Book reviews

Review: Heartless

An origin story of the Queen of Hearts… written by Marissa Meyer aka the queen of retellings…with a gorgeous cover… well, I wasn’t exactly going to pass up the opportunity to read the e-book when it came up on NetGalley.

Lady Catherine Pinkerton wishes nothing more than to run her own bakery with one her household’s servants, but a life baking delicious treats is no life for the daughter of the Marquess and Marchioness of Rock Turtle Cove. In fact such a life would be impossible when it becomes clear that the King of Hearts intends to propose to her. It’s a good job then that she runs into the King’s new mesmerizing court joker when she escapes before the proposal can take place, who just happens to be a specialist when in the impossible. Oh, and not to mention that he is literally the man that she has been dreaming about recently. With her fate seemingly set in ink on stone, can Catherine and Jest defy the odds and find a way to be together?

This story certainly was a bit of a rollercoaster of emotions. Each moment of happiness and delight is balanced with first anguish and anxiety, leading to sadness and anger as the book reaches its conclusion. The journey from a relatively carefree young noble to a fiery ruthless monarch is one that makes perfect sense as the author sets out to provide an explanation for why the legendary Queen of Hearts acts as she does in Lewis Carroll’s classic story Alice’s Adventures in Wonderland.

Now, I have to admit that I haven’t actually read any of Carroll’s works and so my Alice knowledge is very much based on the Disney films, but Meyer has done a wonderful job of including Wonderland’s most well-known characters (Cheshire is a particular favourite of mine). Likewise the oddness of Wonderland as a whole feels authentic and true to the original with Meyer inserting her own creations seamlessly.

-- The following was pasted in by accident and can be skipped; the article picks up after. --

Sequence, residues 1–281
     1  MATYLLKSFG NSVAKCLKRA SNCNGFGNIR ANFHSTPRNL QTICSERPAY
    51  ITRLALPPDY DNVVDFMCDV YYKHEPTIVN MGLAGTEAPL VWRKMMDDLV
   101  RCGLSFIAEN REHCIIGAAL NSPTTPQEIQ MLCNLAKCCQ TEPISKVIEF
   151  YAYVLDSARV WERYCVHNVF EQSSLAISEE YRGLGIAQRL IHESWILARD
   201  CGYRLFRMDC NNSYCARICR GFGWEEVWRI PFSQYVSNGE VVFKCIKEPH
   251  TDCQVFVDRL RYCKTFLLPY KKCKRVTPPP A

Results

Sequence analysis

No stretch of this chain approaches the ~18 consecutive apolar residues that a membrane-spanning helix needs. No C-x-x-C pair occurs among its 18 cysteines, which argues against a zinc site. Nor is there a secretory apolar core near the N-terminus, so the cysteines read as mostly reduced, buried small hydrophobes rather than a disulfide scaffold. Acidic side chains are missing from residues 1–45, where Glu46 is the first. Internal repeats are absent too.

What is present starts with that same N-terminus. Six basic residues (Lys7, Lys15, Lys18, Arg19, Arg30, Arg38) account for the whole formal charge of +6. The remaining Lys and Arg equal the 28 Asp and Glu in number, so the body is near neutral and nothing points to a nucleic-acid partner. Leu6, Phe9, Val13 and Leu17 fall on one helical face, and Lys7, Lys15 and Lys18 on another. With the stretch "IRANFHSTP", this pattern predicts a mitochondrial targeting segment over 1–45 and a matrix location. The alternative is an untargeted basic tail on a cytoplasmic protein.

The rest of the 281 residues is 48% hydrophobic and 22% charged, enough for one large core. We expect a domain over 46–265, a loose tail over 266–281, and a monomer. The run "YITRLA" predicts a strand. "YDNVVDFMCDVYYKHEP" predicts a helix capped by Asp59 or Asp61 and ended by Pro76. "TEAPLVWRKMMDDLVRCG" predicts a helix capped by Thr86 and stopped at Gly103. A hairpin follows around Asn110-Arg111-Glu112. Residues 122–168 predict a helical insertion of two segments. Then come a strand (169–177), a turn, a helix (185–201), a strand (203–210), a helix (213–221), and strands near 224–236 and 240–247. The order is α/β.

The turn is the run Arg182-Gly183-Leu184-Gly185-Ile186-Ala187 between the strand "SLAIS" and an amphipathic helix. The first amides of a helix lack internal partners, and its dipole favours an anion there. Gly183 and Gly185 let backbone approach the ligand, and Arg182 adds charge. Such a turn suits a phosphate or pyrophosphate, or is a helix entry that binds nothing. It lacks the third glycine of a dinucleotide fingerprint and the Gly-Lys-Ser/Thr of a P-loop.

The forbidden (or should that be inexecutable – see what I did there?) romance between Catherine and Jest is heartbreaking. I fell for Jest as quickly as Catherine did, and knowing that there was little chance of a happy ending was not enough to stop me in cherishing every flirtatious interaction between them. And so inevitably by the final chapters of the story I was hoping without hope that things would end a different way.

It therefore seems fitting to round off this review with Cheshire’s final line – “But hoping is how the impossible can be possible after all.”


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